TIP: It’s interesting to learn the neurological process behind learning a language. Grosjean offered me a great perspective on how bilingual and trilingual people think in his article Thinking and Dreaming in two or more languages. Who knows? In no time, you may start dreaming in Japanese as well!

7. Find a touchpoint

Another tip is to find a specific touchpoint in a language. After you have found your motivation. Look for specific things that interest you–it may be watching anime, reading manga, or listening to JRock. Maybe you really like Japanese food or you are interested in Japanese martial arts. Having a touchpoint develops your own unique set of knowledge and information that you can bring up in conversation during your studies abroad in Japan. This will make it easier for you to still express your own personality in this new language because you are not stuck with “canned phrases” that everyone uses. Afterward, you can grow your vocabulary by broadening the scope of your interest.

Here’s a quick list of possible touchpoints that have a connection to Japanese culture:

  • Tea Ceremony
  • Japanese literature or poetry
  • Japanese folktales and folkmusic
  • Japanese cuisine
  • A specific city or area in Japan
  • Anime or manga
  • J-pop
  • Recreational activities

The touchpoint need not be connected to Japanese culture, and it can be as simple as taking yoga classes in Japanese or reading Western books translated into Japanese!

TIP: I personally found my touchpoint in Japanese traditional culture. One of my favorites is Japanese poetry, since it involves cultural symbolisms and unique word usages that deepen my understanding of the language in a very artistic way. Furthermore, being knowledgeable in Japanese poetry is sure to impress even the local people in Japan!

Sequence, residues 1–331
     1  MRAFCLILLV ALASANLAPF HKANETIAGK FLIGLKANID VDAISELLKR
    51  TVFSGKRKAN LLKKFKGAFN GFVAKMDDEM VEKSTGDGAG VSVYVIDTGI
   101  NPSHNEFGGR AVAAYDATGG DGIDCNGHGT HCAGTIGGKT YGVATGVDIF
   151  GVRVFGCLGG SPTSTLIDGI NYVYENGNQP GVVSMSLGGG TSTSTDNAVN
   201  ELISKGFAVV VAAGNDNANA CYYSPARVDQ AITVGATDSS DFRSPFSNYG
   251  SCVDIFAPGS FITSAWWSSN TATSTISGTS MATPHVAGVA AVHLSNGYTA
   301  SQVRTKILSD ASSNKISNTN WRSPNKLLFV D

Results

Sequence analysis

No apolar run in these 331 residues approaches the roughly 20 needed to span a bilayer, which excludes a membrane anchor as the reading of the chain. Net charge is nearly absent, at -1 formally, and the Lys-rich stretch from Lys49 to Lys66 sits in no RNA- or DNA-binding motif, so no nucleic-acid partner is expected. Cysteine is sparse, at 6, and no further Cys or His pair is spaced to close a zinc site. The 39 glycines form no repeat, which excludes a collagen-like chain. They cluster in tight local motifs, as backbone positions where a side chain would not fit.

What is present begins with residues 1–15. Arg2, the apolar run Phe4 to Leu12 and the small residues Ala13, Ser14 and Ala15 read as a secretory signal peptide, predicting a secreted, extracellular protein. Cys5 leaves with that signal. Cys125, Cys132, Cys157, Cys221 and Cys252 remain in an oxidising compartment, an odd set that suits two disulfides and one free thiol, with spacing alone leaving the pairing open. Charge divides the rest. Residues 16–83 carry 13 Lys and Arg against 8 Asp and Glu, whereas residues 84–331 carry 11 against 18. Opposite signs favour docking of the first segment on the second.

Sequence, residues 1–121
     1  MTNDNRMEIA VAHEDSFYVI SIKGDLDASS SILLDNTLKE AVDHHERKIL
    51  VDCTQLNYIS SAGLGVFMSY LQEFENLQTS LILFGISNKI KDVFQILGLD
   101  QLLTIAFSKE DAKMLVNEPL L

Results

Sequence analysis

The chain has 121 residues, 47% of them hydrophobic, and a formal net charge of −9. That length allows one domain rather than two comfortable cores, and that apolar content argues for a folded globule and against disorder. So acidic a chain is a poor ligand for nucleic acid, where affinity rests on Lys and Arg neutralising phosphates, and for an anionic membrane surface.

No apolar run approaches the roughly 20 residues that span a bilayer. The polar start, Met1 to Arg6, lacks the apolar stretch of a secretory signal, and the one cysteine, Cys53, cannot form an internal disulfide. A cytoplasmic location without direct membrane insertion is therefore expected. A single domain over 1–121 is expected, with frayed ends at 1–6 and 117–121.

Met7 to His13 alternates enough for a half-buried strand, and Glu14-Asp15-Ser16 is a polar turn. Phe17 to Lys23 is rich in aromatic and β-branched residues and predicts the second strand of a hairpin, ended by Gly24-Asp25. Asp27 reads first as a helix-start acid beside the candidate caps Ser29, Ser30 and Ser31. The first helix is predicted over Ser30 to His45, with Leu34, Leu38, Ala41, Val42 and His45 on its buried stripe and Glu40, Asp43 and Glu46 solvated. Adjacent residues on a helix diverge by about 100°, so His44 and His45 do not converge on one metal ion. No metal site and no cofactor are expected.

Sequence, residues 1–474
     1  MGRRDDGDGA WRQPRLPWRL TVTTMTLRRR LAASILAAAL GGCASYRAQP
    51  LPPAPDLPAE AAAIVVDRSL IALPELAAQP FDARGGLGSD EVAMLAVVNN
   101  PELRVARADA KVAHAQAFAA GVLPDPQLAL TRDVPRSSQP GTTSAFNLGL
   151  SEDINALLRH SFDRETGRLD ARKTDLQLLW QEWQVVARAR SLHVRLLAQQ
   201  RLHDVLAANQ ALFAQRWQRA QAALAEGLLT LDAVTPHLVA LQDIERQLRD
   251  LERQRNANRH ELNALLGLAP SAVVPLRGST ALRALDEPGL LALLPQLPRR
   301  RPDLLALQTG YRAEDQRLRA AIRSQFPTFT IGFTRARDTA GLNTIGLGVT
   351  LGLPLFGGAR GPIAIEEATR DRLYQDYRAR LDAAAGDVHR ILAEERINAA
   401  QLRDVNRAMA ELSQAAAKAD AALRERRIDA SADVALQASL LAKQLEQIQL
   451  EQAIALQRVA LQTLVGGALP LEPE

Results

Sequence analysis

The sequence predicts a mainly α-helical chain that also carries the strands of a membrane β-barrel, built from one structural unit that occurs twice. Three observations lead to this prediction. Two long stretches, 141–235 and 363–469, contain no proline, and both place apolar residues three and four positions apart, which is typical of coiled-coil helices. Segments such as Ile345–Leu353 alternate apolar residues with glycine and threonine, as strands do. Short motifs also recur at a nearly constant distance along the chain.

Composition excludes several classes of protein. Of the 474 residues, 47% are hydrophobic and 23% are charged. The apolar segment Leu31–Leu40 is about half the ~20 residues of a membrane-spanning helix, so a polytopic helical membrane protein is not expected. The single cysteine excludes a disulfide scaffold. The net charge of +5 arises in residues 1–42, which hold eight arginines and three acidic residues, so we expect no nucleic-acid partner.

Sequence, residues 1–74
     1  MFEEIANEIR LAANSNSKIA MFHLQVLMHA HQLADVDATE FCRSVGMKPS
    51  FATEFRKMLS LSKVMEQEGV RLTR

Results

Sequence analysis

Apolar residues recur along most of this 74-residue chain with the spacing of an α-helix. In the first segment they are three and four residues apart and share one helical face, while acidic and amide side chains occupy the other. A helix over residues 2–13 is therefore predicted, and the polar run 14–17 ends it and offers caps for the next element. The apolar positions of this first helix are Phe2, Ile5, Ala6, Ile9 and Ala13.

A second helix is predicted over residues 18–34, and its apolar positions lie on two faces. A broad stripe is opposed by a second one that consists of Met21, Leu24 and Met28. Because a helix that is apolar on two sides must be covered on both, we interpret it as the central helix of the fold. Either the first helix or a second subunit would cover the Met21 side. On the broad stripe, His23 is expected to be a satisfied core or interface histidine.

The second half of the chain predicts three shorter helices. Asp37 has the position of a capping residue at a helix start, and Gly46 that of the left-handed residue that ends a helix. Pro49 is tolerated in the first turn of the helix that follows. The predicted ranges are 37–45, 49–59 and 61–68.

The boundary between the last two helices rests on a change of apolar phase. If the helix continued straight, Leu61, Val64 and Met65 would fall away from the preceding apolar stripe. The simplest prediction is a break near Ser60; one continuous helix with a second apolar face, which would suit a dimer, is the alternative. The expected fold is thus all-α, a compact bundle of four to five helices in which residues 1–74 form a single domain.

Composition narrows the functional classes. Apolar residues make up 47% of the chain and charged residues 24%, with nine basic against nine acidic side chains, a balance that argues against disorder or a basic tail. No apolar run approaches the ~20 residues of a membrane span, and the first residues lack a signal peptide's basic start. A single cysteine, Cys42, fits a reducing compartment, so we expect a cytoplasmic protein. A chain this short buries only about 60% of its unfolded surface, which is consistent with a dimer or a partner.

8. Rely on a Japanese Language Book

This one may seem obvious, but its often overlooked by students trying to find creative ways to learn Japanese. Japanese language books that are written by professionals who teach the language is a great way to sculpt your foundational knowledge in the language. Having one language book at hand also allows you to have a quick but reliable source for checking grammar and sentence structure.

TIP: Check out this article on “The Best Japanese Language Books for Beginners! Rankings and Review” to find your perfect match!

9. Attend a Japanese Language School…in Japan!

Japanese language schools are institutions that offer short-term and long-term Japanese language training for foreigners in Japan. By traveling to Japan, you can immerse yourself in the Japanese language while learning about the unique mannerisms, social norms, and culture of this beautiful country! Japanese language schools offer technical advantages as well, since you can stay in Japan with a student visa.